Considerations for lump sum setup:
If an employee was off on unpaid leave for 6 weeks, upon their return if we did not want the system to calculate leave for them during this time we can update the Accrued Through Date. The accrued though date sets the start date for the accrual and the pay period end date sets the end date then, the system looks for any Lump Sum Posting Dates during this time frame. By changing the Accrued Through Date to the prior pay period start date the system will then not accrue for the unpaid payrolls. If the employee should have received time off accruals during these 6 weeks then you can leave the setup without updating the Accrued Through Date and the system will catch up the leave accruals.
If an organization processes several bonus or commission payrolls with dates after the last payroll you will want to either use the pay period end date for the accrual calculations or use the next setup example for Accruals otherwise the system could accrue earlier than expected.
We can setup the same 4 hour biweekly accrual using an Accrual leave type. Since an Accrual Leave type looks for hours from an earned pay code to calculate if an employee has unpaid time off the system will not accrue time or try to catch up the leave accruals when the employee returns. Also, if a bonus or commission pay run is processed the system does not accrue since there are no hours and we can exclude the pay code from the earned calculation.
To have the accrual mimic the lump sum and give 4 hours regardless of the number of hours worked the system can be setup with a calculation factor of 4 and a per pay period maximum of 4. The system will then try to accrue 4 (calculation factor) * 80 (hours worked this pay period) and get 320 hours to accrue but since the maximum is 4 hours a pay period the system reduces the accrual to only 4 hours. This ensured that if an employee only work 60 or 70 hours in a pay period they could always get the 4 hour accrual.
Considerations for Accrual setup:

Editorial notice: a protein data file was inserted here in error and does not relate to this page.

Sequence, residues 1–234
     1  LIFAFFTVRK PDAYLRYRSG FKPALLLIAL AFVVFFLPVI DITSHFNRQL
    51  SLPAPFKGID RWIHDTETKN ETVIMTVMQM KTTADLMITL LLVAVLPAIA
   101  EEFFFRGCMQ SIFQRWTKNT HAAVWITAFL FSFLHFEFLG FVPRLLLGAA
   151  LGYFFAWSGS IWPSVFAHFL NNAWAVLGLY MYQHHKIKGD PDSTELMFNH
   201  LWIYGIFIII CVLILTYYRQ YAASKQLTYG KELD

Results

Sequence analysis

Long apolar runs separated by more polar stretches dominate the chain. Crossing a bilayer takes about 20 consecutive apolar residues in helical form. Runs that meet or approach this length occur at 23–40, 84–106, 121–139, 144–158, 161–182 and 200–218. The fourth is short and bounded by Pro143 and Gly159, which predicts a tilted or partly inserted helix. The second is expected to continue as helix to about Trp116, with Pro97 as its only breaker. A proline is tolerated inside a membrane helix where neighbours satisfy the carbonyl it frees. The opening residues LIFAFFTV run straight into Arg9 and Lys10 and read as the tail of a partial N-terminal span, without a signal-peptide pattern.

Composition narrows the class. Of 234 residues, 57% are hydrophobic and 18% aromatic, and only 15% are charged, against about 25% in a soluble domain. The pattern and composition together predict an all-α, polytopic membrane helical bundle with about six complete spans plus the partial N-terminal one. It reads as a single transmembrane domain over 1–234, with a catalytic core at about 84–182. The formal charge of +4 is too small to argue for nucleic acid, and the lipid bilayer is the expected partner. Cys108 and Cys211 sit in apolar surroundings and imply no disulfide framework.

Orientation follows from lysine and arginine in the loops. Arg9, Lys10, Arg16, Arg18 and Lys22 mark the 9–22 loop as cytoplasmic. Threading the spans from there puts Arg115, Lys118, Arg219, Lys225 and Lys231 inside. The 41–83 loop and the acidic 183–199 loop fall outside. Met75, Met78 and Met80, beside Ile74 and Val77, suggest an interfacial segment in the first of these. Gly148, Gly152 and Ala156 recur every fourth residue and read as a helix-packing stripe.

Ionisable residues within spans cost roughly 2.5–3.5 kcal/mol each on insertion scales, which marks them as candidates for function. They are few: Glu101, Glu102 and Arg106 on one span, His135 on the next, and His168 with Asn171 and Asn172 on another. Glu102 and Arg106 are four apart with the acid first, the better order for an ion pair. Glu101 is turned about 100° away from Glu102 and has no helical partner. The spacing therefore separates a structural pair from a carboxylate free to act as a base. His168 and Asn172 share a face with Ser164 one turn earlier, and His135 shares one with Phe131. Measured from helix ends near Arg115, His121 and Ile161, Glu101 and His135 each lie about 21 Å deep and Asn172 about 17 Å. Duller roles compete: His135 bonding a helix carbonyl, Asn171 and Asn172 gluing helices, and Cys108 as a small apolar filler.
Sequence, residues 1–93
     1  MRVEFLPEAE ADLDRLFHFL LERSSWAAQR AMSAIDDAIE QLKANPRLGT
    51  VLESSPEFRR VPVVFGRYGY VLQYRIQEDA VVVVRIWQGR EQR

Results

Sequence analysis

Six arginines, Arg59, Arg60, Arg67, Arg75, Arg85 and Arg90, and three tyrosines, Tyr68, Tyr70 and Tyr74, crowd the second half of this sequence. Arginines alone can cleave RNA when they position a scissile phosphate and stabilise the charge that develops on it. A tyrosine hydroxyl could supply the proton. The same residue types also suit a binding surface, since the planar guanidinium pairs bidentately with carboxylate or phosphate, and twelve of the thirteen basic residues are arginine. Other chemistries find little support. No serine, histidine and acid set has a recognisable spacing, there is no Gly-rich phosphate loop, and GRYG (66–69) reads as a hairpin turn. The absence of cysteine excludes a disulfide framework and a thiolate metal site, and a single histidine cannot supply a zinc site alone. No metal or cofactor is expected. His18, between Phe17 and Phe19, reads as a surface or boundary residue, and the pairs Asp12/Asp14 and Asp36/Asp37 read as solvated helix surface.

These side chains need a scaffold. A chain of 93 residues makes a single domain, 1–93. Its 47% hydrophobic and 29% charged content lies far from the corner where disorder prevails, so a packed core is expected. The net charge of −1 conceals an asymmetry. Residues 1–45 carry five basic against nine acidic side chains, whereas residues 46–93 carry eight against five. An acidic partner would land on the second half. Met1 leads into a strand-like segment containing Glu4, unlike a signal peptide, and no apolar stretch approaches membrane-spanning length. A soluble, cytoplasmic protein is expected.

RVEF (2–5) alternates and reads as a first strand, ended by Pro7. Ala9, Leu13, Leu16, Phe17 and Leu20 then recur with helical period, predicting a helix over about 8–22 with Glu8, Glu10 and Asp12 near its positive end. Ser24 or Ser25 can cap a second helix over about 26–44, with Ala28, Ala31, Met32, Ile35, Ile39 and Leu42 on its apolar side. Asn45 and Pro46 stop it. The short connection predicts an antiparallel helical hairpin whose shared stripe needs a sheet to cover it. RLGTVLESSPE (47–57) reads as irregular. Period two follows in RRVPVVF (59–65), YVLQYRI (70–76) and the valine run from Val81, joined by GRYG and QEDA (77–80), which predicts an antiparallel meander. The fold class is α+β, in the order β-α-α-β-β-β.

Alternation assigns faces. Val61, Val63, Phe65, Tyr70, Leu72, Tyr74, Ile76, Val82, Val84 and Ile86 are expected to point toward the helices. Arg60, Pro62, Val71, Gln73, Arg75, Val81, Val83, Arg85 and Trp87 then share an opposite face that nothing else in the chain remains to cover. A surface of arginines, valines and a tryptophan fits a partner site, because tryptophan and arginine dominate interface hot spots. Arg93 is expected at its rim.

The system would not apply any calendar year maximums with this setup. If you did want to allow the employee to accrue time for unpaid leave then a manual adjustment would need to be entered in the system.
If the policy states an employee will accrue based upon the hours worked and the accrual amount fluctuates depending on the number of hours an employee worked in the pay period then, an accrual leave type with a different calculation factor would be needed.
In this example, an employee can accrue 120 hours per year for the first 5 years of employment and 160 hours after 5 years of employment. We would still use years worked as our range based on however; we changed the maximum accrual hours to per year – variable (calendar). We also changed the Calculation Factor to accrue .05769 for every 1 hour worked in the first five years of employment and .07692 for every one hour worked after five years of employment. We determined the calculation factor by taking 120 hours divided by 2080 hours. You could also take a biweekly amount of 4.62 divide by 80.
If an employee was in the first year of employment they worked 80 hours the first pay period, 60 the second and 90 the third we would expect the accrual amounts to vary.
- They would receive an accrual of 4.62 hours (80 * .05769) the first pay period.
- They would receive an accrual of 3.46 hours (60*.05769) the second pay period.
- They would receive an accrual of 5.19 hours (90*.05796) the third pay period.
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Last Review: April 4, 2016 – Revision: 1.0
- Comprehensive Leave Manager Microsoft Dynamics GP 2015
- Comprehensive Leave Manager Microsoft Dynamics GP 2013 R2